The woman’s God-ordained vulnerability is not to say that sometimes certain women won’t have more discernment than certain men.  It is to say that God created the man in part to protect the woman from deceit.  A woman’s submission to the man can nuture his ability to lead as God intended.  This is the way God created it to be.  If you don’t think that women are in general more naturally subject to deceit, then look at the voting statistics in the last six or seven presidential elections.   But even if the women could do a better job, this doesn’t excuse women from what God wants for them.

When women do rule men, Scripture sees this as a curse to society.  When it happens, as it sometimes does, it isn’t good or to be admired, but Isaiah 3:12 says that it is a shameful reality:

As for my people, children are their oppressors, and women rule over them. O my people, they which lead thee cause thee to err, and destroy the way of thy paths.

God didn’t intend for women to rule men or even effeminate men, men who act like women, to have authority over men.  This violates God’s intentions revealed in the Garden of Eden.

The Historical Understanding of Christians on the Woman’s Role (2)

John Gill wrote:

Now inasmuch as the serpent did not attack Adam, he being the stronger and more knowing person, and less capable of being managed and seduced; but made his attempt on Eve, in which he succeeded; and since not Adam, but Eve, was deceived, it appears that the man is the more proper person to bear rule and authority, as in civil and domestic, so in ecclesiastic affairs.

Matthew Henry wrote:

And as God is the head of Christ, and Christ the head of the whole human kind, so the man is the head of the two sexes: not indeed with such dominion as Christ has over the kind or God has over the man Christ Jesus; but a superiority and headship he has, and the woman should be in subjection and not assume or usurp the man’s place. This is the situation in which God has placed her; and for that reason she should have a mind suited to her rank, and not do any thing that looks like an affectation of changing places.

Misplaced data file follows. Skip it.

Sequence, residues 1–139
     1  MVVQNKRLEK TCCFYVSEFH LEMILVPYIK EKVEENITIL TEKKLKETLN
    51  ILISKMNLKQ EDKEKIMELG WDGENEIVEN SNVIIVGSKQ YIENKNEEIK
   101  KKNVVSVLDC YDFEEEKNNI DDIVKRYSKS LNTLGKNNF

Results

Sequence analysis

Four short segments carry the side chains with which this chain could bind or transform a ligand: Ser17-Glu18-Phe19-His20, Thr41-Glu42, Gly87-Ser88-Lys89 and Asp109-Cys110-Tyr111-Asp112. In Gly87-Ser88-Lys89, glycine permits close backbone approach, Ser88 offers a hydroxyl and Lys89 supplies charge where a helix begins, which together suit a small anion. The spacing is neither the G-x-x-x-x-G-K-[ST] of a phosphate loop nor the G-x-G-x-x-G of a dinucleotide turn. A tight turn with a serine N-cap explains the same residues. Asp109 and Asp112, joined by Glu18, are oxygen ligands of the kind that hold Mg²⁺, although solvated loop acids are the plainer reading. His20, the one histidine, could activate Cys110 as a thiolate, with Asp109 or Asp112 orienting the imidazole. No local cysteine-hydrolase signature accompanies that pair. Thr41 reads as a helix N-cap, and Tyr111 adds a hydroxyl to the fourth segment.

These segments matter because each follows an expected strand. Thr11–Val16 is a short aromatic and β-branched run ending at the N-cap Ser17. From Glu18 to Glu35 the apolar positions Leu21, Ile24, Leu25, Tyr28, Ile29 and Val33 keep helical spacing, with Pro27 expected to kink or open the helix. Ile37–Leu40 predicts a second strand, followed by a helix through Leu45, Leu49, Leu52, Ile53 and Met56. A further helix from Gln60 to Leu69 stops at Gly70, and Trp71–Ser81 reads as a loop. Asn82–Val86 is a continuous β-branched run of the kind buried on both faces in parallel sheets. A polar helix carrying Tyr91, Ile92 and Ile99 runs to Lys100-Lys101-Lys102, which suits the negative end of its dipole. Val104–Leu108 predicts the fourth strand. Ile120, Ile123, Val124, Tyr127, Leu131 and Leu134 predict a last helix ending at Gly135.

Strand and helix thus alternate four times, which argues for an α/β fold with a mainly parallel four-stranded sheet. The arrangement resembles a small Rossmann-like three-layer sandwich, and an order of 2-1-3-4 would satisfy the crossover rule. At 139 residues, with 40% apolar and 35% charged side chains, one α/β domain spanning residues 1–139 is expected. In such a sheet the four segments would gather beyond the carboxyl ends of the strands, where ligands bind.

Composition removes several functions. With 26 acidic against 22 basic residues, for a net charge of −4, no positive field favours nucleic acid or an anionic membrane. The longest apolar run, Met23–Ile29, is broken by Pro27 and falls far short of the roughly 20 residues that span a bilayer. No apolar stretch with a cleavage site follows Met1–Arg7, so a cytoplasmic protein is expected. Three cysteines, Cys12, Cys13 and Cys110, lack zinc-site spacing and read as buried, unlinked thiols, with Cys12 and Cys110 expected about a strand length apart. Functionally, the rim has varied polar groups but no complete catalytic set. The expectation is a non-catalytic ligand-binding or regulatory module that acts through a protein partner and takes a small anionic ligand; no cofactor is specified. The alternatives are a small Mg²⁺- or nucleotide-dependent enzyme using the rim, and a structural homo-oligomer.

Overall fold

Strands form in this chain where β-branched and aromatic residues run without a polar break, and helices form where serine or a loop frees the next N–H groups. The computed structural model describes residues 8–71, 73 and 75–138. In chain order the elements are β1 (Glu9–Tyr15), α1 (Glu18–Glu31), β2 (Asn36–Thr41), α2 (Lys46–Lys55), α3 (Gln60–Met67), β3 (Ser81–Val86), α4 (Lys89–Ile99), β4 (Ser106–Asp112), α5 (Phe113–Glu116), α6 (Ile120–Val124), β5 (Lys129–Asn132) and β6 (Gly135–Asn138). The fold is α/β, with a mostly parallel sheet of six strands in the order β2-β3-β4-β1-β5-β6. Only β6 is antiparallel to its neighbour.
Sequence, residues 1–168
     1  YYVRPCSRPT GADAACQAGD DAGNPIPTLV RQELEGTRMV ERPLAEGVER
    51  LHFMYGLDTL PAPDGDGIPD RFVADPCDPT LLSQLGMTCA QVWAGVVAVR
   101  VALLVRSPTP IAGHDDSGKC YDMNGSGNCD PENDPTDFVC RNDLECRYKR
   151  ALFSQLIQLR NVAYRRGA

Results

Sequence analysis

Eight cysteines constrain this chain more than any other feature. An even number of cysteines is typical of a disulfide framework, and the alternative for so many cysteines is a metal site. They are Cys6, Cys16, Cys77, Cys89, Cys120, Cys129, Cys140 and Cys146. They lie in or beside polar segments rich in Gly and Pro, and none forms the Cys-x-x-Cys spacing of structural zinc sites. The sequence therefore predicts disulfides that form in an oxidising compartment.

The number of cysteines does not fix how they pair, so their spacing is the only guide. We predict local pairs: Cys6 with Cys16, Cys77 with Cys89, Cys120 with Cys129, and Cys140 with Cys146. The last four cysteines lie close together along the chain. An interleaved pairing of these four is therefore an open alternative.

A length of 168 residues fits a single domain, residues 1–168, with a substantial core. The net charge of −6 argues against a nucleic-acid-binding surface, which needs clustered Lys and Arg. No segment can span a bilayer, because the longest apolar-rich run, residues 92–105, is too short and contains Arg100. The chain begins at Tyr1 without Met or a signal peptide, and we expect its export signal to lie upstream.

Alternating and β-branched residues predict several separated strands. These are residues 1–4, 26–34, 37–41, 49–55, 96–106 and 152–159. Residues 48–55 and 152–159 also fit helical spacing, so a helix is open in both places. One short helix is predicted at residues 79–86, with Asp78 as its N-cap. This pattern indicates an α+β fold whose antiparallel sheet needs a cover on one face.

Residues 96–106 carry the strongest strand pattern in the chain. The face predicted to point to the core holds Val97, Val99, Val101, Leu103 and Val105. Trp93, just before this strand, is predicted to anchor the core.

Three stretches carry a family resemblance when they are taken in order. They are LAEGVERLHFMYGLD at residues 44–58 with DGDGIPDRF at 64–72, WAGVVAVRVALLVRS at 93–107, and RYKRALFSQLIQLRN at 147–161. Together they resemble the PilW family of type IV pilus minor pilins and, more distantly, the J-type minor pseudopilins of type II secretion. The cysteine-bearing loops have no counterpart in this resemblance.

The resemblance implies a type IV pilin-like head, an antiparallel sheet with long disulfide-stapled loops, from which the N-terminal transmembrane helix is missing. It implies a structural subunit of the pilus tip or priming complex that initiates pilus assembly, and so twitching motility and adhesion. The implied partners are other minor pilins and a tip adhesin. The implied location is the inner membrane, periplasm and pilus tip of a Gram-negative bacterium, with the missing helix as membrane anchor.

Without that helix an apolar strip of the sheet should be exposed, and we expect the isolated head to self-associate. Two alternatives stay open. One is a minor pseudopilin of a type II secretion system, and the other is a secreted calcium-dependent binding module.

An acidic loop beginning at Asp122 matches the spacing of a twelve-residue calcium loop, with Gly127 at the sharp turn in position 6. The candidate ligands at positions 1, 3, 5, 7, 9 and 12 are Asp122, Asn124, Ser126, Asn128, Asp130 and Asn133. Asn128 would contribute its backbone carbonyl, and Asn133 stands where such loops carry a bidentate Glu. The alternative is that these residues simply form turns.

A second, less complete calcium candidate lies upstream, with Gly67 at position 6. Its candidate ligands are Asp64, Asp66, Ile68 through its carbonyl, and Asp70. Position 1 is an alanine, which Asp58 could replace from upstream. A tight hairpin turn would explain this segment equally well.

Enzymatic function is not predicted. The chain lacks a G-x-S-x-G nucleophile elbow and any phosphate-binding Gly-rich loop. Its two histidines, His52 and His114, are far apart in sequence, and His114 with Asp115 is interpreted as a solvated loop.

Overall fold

How Does This Apply?

Women should have no authority over men.  God made men to lead and women to submit to male authority.  The fall of man is the classic example of what happens when men abdicate their God-given role.  In order to obey God and His Word:

  • Women should hold no office in civil government. (3)

  • Women should stop directing, bossing, superintending, administrating, or managing men in the workplace.

  • Women should cease leading churches.

  • Women should discontinue preaching to men.

  • Women should no longer challenge or moderate men in blogs and online forums.

If the Apostle Paul directed us to God’s creation to express the will of the Lord on the roles of men and women, then we know that this is what God intended for everyone that He created, not just the church.  There was no church setting in Genesis.   We are responsible to support the design of Almighty God everywhere in society as the salt of the earth.   This is better for men and women.

Women will still have plenty to do of eternal benefit in which God will be honored by their fulfilling His design.  They can preach to women and children.  They can function within the home as an entrepreneur of sorts, like the Proverbs 31 woman.  They can ask and encourage men to lead.   They can work under the authority of men.  Like most men, they can learn.  They can fulfill God’s role for women.